Keep in mind that the financials are only part of the equation – the other part your gut feel. Does the potential deal make sense? Will one plus one equal three – will a synergy result? Do you feel comfortable with the people (partners) in the other firm? Do you share common vision and philosophies and will you make good partners?

Click here for our blog on law firm mergers

Click here for our article on law firm mergers

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John W. Olmstead, MBA, Ph.D, CMC

 

 

 

Aug 08, 2017


Law Firm Strategic Planning – Reasons for Investing the Time to Develop a Strategic Plan

Question:

I serve on the management committee of our sixteen lawyer firm in Columbus, Ohio. We do not currently have a strategic plan and been discussing whether we should spend the time developing one. However, we are not sure what a strategic plan would do for us or why we should invest the time in developing one. We appreciate any thoughts that you may have.

Response: 

One of the major problems facing law firms is focus. Research indicates that three of the biggest challenges facing professionals today are: time pressures, financial pressures, and the struggle to maintain a healthy balance between work and home. Billable time, non-billable time or the firm’s investment time, and personal time must be well managed, targeted and focused. Your time must be managed as well.

Today well-focused specialists are winning the marketplace wars. Trying to be all things to all people is not a good strategy. Such full-service strategies only lead to lack of identity and reputation. For most small firms it is not feasible to specialize in more than two or three core practice areas.

Based upon our experience from client engagements we have concluded that lack of focus and accountability is one of the major problems facing law firms. Often the problem is too many ideas, alternatives, and options. The result often is no action at all or actions that fail to distinguish firms from their competitors and provide them with a sustained competitive advantage. Ideas, recommendations, suggestions, etc. are of no value unless implemented.

Well designed strategic plans are essential for focusing your firm. However, don’t hide behind strategy and planning. Attorneys love to postpone implementation.

A strategic plan is useless unless it is used. Don’t create a plan and simply file it. You must actively work your plan. Involve everyone in the firm, delegate action items, and require accountability. Consider it a living document – revise it – update it – change it as needed. Refer to it weekly and incorporate action plan items into your weekly schedule.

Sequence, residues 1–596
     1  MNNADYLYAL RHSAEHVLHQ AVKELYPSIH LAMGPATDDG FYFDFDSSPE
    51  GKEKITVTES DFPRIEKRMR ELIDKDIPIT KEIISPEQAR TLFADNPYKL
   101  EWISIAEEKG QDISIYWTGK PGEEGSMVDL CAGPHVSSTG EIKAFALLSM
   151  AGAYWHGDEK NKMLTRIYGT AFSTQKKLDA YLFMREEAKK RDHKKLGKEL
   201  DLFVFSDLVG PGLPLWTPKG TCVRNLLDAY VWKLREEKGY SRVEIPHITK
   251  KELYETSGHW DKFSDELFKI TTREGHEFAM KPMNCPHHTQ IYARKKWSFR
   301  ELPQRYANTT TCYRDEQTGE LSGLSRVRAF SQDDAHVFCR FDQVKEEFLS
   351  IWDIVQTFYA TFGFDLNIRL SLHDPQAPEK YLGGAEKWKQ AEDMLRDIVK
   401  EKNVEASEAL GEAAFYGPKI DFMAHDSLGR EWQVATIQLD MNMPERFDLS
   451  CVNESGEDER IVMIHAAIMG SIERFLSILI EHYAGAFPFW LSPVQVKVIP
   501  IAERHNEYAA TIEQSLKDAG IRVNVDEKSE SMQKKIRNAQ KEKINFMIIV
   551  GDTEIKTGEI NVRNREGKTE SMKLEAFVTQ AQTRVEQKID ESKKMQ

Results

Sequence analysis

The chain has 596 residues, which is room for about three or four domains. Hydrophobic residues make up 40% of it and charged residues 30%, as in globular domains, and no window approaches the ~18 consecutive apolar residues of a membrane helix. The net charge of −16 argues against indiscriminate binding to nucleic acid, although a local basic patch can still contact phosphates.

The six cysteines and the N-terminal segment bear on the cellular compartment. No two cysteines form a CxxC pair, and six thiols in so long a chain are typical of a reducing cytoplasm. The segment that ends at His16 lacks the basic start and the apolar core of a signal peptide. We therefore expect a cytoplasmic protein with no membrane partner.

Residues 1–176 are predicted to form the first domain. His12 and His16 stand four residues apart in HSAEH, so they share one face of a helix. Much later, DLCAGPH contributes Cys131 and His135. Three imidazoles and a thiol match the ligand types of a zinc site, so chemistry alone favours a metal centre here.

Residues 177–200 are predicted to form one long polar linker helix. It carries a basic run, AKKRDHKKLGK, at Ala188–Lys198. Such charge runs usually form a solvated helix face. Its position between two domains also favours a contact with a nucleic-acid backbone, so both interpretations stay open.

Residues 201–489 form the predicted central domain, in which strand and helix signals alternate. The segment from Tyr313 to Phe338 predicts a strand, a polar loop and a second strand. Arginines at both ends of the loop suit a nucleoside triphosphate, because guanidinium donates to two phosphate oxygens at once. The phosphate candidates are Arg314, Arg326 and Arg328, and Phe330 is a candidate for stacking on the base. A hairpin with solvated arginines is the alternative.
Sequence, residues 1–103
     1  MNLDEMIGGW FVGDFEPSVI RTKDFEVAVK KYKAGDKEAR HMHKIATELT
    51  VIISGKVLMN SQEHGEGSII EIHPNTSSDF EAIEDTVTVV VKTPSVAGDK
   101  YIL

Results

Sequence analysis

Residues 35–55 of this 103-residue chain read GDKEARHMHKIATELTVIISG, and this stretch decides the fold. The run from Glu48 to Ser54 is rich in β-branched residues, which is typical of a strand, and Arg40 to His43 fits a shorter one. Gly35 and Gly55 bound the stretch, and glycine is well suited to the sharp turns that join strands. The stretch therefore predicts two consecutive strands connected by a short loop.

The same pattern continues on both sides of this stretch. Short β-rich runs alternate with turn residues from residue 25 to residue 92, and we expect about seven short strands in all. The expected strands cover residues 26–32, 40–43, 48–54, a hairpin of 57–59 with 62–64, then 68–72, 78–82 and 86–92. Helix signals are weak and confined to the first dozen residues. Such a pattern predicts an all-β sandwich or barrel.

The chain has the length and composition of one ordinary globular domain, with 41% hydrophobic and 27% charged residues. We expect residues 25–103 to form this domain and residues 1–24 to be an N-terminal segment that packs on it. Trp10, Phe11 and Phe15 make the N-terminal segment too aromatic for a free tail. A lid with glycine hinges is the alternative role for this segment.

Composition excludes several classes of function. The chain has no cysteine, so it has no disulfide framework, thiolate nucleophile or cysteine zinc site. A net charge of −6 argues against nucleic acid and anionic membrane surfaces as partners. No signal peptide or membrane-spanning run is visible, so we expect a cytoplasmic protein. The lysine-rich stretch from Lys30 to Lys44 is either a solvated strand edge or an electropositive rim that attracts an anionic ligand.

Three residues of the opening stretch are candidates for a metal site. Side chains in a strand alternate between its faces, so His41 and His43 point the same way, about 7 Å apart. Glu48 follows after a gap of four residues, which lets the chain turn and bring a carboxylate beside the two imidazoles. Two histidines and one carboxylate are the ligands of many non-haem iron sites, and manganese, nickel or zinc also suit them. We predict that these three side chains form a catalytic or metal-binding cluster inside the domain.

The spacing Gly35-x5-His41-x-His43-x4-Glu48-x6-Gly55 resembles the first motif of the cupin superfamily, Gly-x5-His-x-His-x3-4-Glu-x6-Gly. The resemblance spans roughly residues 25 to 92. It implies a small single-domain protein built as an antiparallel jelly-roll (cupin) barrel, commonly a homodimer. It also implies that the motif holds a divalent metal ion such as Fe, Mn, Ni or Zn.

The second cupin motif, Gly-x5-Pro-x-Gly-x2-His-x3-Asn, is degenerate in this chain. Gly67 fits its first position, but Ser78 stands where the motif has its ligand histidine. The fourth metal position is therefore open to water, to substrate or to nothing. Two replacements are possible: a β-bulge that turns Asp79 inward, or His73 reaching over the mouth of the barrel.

Use your plan as your roadmap to your future.

Good luck on your journey.

Click here for our blog on strategy

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John W. Olmstead, MBA, Ph.D, CMC

 

Feb 28, 2017


Personal Injury Law Firm TV Advertising – Prerequisites to Launching a Program

Question: 

I am the owner of a plaintiff personal injury law firm in Arlington, Texas. I have three associate attorneys, six non-lawyer case managers, and three other staff members. Our marketing consists of our yellow pages program and our website. I am considering TV advertising and I would appreciate your thoughts concerning venturing into this arena.

Response: 

This is a big step. TV advertising does work for personal injury plaintiff firms and can take your firm to the next level if you can afford it and are willing to stay the course. A few years ago the managing partner of a a very successful personal injury plaintiff firm stated to me “if I could only afford to do one marketing thing it would be TV advertising.” You can’t dabble with advertising – you must invest for the long haul and have the proper infrastructure in place to process new client inquiries, book appointments, and handle new client intake appointments. If this foundation is not laid you should not invest in a TV advertising program. Here are a few thoughts and observations:

  1. Establish your advertising goals and objectives.
  2. Retain a top notch media consulting firm with law firm expertise.
  3. Establish an advertising budget for at least six months – one year is better.
  4. Secure adequate capital to finance your advertising budget.
  5. Be prepared for borrow money.
  6. Develop your operational infrastructure. This consist of everything from your advertising tracking database, case management system, website, call center/telephone system, call scripts, documented intake process and procedures, dedicated intake call operators, designated people to take in new cases, and case evaluation protocols.
  7. Have a process in place to handle and respond to new case calls after hours and on weekends including attorneys on call able to meet with prospective clients during these times.

We have all seen personal injury plaintiff firms that dabble in TV advertising – on TV today and off-air tomorrow. They spent a lot of money and were hoping for immediate gratification. When after running ads for a month or two and they have few or no new cases they concluded that TV advertising does not work. The truth is they were not prepared to stay in the game long enough. This does not work.

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John W. Olmstead, MBA, Ph.D, CMC